Mission: Impossible (1966–1973)
7.9/10
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The IMF's target is an international chess grandmaster who also is planning to steal gold seized from the opposition movement of an unnamed Soviet Bloc country. Rollin poses as an amateur ... See full summary »

Director:

Alf Kjellin

Writers:

Bruce Geller (created by), Richard M. Sakal
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Cast

Episode cast overview:
Peter Graves ... James Phelps
Martin Landau ... Rollin Hand
Barbara Bain ... Cinnamon Carter
Greg Morris ... Barney Collier
Peter Lupus ... Willy Armitage
Don Francks ... Nicholas Groat
Curt Lowens ... Captain Stevya
Lou Robb ... Clerk
Jason Johnson Jason Johnson ... Referee
Will J. White Will J. White ... Sergeant
Michele Guarini Michele Guarini ... Opponent (as Michael Guarini)
William Wintersole ... Mueller
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Storyline

The IMF's target is an international chess grandmaster who also is planning to steal gold seized from the opposition movement of an unnamed Soviet Bloc country. Rollin poses as an amateur chess player, helped by a computer Barney is running that is unbeatable at chess. The plan, devised by Phelps, also calls for a devious way of snatching the gold from both the chess player and the authorities. Written by Bill Koenig

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Certificate:

TV-PG | See all certifications »
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Details

Country:

USA

Language:

English

Release Date:

14 January 1968 (USA) See more »

Company Credits

Production Co:

Paramount Television See more »
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Technical Specs

Runtime:

Sound Mix:

Mono

Color:

Color

Aspect Ratio:

1.33 : 1
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Did You Know?

Goofs

The tape scene where Jim Phelps receives his taped instructions is re-used from the episode "Trek" broadcast earlier this same season. The scene takes place in a telephone booth, and to obtain the photograph accompanying the tape recording, Phelps (Peter Graves) unlocks the coin box to remove a small, folded envelope containing the photo of their opponent. The photo that Phelps supposedly looks at is much larger than the small envelope he removes from the coin box but has no visible creases. (The contents of the envelope in the earlier episode was a small folded news article.) See more »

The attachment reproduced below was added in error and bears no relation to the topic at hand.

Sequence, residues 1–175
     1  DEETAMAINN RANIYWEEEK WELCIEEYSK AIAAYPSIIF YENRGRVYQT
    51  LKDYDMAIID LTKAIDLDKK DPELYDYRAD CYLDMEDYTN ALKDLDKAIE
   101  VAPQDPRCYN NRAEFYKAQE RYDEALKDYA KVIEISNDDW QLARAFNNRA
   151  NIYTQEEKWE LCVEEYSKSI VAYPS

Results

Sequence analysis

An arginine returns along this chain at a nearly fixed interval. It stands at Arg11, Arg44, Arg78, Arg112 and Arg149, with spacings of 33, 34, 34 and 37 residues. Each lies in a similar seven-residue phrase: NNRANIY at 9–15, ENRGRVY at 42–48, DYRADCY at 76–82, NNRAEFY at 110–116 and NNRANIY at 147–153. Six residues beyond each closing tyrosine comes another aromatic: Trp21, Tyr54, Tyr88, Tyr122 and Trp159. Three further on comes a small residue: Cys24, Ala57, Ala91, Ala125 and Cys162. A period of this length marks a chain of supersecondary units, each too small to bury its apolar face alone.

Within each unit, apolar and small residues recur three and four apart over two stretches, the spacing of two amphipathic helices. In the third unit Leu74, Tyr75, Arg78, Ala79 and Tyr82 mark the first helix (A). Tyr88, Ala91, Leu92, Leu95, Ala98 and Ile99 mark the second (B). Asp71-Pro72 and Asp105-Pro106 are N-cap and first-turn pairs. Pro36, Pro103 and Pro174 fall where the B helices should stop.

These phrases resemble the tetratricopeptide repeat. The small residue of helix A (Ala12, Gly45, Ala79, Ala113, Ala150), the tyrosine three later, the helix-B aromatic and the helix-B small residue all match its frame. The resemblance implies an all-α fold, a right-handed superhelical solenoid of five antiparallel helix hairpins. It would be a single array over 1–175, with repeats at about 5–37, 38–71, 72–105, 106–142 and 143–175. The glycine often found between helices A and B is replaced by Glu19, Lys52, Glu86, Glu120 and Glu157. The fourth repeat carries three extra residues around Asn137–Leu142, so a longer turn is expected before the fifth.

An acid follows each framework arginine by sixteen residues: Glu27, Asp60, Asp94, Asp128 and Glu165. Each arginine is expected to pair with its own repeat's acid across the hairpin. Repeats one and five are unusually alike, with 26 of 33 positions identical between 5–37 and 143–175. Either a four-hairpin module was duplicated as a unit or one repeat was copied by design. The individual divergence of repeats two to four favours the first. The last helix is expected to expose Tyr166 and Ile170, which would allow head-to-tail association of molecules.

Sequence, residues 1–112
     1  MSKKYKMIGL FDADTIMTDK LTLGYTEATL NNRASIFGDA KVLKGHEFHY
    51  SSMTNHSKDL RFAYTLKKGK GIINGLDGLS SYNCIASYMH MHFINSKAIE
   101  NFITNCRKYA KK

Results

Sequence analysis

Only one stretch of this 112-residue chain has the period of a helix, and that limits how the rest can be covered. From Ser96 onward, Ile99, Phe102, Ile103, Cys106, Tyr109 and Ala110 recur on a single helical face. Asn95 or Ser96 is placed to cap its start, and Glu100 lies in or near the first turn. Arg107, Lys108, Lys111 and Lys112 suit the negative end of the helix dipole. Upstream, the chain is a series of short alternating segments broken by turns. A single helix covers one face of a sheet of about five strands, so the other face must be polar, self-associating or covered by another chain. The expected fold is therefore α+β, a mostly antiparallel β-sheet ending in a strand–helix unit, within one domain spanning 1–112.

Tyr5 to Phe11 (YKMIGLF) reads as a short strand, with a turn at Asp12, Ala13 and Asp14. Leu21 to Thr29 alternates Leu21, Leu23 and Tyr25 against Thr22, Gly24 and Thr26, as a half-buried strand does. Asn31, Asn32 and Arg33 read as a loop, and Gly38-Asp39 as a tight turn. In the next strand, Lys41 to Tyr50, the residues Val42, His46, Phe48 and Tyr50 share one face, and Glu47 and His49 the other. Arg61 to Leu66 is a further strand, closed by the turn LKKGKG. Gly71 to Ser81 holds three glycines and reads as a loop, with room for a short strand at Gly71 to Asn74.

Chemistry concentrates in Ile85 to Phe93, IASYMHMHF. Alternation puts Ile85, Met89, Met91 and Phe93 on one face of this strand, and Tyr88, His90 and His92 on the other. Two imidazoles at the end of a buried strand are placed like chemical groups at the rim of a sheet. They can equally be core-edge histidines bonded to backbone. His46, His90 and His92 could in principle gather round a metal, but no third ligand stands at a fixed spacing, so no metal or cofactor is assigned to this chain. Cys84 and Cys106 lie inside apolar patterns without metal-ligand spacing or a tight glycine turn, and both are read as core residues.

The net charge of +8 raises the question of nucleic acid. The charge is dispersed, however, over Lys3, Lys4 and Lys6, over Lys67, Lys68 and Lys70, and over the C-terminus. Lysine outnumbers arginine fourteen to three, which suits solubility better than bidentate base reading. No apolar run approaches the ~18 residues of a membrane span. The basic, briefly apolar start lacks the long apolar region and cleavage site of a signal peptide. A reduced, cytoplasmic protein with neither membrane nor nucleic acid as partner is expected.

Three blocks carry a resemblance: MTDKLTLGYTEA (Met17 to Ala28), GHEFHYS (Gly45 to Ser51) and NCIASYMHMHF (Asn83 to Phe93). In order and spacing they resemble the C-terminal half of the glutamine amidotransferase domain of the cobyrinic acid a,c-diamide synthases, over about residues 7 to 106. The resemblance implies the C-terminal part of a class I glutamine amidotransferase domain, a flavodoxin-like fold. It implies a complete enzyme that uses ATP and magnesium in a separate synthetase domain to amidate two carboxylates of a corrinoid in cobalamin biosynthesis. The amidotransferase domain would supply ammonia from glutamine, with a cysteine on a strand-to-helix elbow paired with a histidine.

Quotes

[first lines]
Person on Tape: [voice on tape] Good morning, Mr. Phelps. Two weeks ago, a million dollars in gold bullion, intended for the underground in one of the anti-Western satellites, was intercepted by that government's military police. Preparations are now being made to ship the gold behind the Iron Curtain. This loss to the resistance movement will set back for years any chance for liberty in that country. The man you are looking at is Nicholas Groat, whose reputation as a brilliant chess master has ...
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User Reviews

 
A good episode with one flaw...though I doubt if folks at the time noticed.
26 May 2014 | by MartinHaferSee all my reviews

flaw--having a computer beat a grand master is most likely possible but he COULD win

A chess grandmaster also has some larceny on his mind, as he's planning on stealing funds in a bank vault that belong to an opposition movement in his Communist Bloc nation. So, the plan is to use a computer to feed Rollin the chess moves in order to make him unbeatable and get the attention of this grandmaster. Then, using the computer, they'll help him rob the vault. Naturally, the IM Force doesn't intend to really help him!

The big problem about this episode is that the writer assumed that you could make a computer that could ALWAYS win the chess match. However, in highly publicized matches years later, Garry Kasparov played a computer and managed to win...at least some of the matches. So, the best computers of the 1980s and 90s, still could not guarantee wins against humans. In fact, when Kasparov did lose matches, the did split several of the games making up the match. However, considering that folks in the 1960s didn't know this and thought computers were magic, this is mostly a problem for folks today watching reruns.

Overall, a decent and involving episode.


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